Updated: Oct 30, 2018
by Karen Banes
In the article “Why Your Brain Has No Idea What Actually Makes You Happy,” author Karen Banes talks about things our brains do to fool us and really get in the way of us being happy. It seems counter intuitive that our brains can be actively fighting against our happiness, but at least in the examples Karen gives, this seems to be the case.
The first way our brains get in the way of our happiness is that it’s flawed in imaging a future. We can imagine the good things about a future life, but forget to add in all the real everyday stuff. In essence, we see our possible future wearing rose-colored glasses.
Karen uses career as an example, but we can fall into this trap as photographers by imagining what it would be like to quit our jobs and become a professional photographer. We imagine infinite time for photography and the money to travel around the world on epic trips. But what Karen’s article suggests is that our mind is leaving out some things – some very big things. Being a professional photographer means marketing and business and all the hard work that comes from running your own business. Pros often have less time to photograph!
Karen also notes that our brains “miswants” things - things that don’t actually improve our happiness. These are the “if only s” of life. “If only I had more time to photography” or “If only I had that new lens.”
She talks of income in her article. It seems that there is a sweet spot (in the U.S. it’s $75,000) after which a rise in income doesn’t do much for our happiness.
Camera gear is probably the most relevant example for photographers. We want that new camera or lens, but in reality the gear we have now (including our smartphones!) works just fine. We think we will be happier with our photography if we have the new piece of equipment, but in reality our joy of photography isn’t related to the gear, it’s related to the experience of seeing the world.
Camera gear also exemplifies Karen’s last point. Our brains do something called ‘Hedonic Adaptation.’ Simply, our brains get used to the way things are. If we do purchase that high-end camera or lens, we will initially feel a surge of excitement, but this will fade and we'll start to forget the specialness if the item. Then we’ll start wanting more. It’s a vicious circle.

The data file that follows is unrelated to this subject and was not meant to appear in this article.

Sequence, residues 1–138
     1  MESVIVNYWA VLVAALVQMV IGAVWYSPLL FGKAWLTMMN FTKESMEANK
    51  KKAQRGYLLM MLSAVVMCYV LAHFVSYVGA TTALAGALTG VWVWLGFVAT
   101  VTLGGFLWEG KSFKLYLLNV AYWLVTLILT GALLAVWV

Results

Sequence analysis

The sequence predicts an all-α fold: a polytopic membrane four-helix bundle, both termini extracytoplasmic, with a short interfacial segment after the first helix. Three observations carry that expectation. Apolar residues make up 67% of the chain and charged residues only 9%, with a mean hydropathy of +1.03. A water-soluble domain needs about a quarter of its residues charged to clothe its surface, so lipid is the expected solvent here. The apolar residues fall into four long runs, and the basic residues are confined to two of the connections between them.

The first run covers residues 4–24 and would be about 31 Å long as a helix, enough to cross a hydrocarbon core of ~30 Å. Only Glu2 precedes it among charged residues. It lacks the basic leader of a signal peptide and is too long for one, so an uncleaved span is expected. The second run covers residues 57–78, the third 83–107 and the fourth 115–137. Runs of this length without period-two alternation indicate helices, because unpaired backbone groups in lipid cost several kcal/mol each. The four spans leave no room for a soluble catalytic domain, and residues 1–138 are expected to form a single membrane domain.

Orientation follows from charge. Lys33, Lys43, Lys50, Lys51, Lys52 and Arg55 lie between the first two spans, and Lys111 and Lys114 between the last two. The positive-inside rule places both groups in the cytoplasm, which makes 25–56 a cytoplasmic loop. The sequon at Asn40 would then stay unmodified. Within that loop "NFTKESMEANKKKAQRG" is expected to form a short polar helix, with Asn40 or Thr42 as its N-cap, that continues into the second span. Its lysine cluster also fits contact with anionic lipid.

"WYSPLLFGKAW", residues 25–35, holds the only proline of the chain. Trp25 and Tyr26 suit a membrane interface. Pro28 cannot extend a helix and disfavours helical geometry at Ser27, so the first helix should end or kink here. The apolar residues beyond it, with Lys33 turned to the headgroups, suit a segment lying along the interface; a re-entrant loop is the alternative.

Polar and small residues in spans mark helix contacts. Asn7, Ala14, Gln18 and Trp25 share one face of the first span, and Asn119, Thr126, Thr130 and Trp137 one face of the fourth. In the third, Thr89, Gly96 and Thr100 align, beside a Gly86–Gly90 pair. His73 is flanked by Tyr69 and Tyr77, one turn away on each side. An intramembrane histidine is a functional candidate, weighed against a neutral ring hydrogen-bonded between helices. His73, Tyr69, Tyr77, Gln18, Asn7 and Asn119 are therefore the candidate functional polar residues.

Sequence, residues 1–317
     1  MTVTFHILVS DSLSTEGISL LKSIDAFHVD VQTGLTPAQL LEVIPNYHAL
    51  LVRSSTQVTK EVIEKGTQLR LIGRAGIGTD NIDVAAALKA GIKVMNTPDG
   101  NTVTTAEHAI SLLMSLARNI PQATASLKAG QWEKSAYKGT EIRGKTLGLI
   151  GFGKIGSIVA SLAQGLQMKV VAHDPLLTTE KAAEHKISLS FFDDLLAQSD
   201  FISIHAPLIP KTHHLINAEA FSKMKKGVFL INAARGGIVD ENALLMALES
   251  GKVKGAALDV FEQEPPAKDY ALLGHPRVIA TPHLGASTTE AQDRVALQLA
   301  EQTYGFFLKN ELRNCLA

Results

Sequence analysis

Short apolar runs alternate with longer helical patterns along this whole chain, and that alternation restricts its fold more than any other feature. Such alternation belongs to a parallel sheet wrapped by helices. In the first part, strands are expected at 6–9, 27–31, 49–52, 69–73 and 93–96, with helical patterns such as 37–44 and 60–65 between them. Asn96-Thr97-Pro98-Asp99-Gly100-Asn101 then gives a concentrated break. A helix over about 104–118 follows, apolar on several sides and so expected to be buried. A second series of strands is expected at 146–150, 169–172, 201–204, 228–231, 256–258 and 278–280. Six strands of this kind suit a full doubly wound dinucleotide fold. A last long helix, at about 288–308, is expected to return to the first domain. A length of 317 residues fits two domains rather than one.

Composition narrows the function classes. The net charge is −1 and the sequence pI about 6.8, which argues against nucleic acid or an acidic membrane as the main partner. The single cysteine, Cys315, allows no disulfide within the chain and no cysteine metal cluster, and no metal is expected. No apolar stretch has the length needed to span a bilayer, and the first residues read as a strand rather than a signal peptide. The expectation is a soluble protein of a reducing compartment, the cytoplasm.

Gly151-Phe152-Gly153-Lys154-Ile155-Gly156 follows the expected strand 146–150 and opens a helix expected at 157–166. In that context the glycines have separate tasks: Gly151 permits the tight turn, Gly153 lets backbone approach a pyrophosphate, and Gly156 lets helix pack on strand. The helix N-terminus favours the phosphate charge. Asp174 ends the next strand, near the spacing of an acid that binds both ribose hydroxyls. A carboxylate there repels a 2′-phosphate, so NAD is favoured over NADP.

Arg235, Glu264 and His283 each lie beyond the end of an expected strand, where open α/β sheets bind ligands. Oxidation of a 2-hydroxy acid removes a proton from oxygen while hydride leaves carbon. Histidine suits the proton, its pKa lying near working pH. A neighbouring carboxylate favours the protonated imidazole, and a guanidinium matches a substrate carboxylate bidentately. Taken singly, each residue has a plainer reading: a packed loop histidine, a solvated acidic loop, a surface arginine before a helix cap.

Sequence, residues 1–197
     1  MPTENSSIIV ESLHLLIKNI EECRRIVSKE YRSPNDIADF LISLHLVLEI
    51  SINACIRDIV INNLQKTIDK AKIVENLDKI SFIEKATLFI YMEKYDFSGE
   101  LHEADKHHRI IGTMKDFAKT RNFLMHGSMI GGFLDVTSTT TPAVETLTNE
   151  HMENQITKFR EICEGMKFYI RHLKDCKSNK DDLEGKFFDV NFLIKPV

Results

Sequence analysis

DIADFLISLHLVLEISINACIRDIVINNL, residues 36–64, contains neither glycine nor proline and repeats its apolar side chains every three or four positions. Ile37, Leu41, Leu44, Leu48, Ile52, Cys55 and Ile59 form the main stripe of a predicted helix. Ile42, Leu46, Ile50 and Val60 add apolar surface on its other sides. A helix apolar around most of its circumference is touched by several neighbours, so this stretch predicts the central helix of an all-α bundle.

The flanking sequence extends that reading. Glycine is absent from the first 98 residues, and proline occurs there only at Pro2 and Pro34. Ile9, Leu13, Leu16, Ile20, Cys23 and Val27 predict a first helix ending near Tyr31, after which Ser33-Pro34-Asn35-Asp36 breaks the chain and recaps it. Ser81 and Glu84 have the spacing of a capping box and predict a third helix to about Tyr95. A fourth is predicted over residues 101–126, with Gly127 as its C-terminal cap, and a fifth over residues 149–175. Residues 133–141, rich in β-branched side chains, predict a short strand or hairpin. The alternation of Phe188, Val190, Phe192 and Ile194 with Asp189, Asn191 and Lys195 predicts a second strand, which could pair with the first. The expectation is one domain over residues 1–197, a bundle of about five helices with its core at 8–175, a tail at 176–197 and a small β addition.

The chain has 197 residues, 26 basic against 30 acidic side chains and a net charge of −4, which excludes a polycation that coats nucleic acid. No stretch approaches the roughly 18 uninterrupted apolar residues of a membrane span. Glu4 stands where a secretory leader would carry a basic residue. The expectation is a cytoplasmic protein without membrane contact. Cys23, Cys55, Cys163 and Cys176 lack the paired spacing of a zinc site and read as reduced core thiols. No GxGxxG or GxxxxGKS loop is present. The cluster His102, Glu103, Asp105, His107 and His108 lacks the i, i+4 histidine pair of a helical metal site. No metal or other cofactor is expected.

As Karen puts it, “Our brain has fully adapted and we rarely think about how fortunate we are.”
To fight these tendencies Karen gives some advice:
Be aware – know the tendencies of our brain and balance future imagination with real world expectations.
Express gratitude - Focus on what you already have. You already have some way of taking photographs (yes, even if all you have is a smartphone) and that puts you ahead of many people. You can see beauty in the world through your photography. Appreciate this gift.
Imagine life without what you currently have - This may help you appreciate what you do have.
Buy experiences not things - This is perfect advice for a photographer. Stay away from GAS (Gear Acquisition Syndrome) and instead spend the money on a photo trip. The brain doesn’t have time to become bored on a 2-week trip, but the excitement of buying a new lens will fade. Look for new experiences close to home, festivals, skydiving, anything that’s different from day-to-day. Keep your camera with you always and live each day as if something new and interesting will happen that you can photograph. Go out with this mindset and you might be surprised at how much you see.
Turn off your Facebook – Really. Karen suggests stepping away from social media in order to appreciate life more fully
In her article, Karen Banes brings up some very relevant reasons why our brains have no idea what actually makes us happy. So ignore your brain and get out there and shoot!
Article Written by Jennifer Mishra
Jennifer Mishra is an American travel photographer born in Colorado and based in the St. Louis metro area. -- And she's a member of the St. Louis Women in Focus group. She has a background in classical music and academia. She is the founder of PhotoYoga. Her photos are published at Wits End Photography or follow her on Facebook or Instagram.
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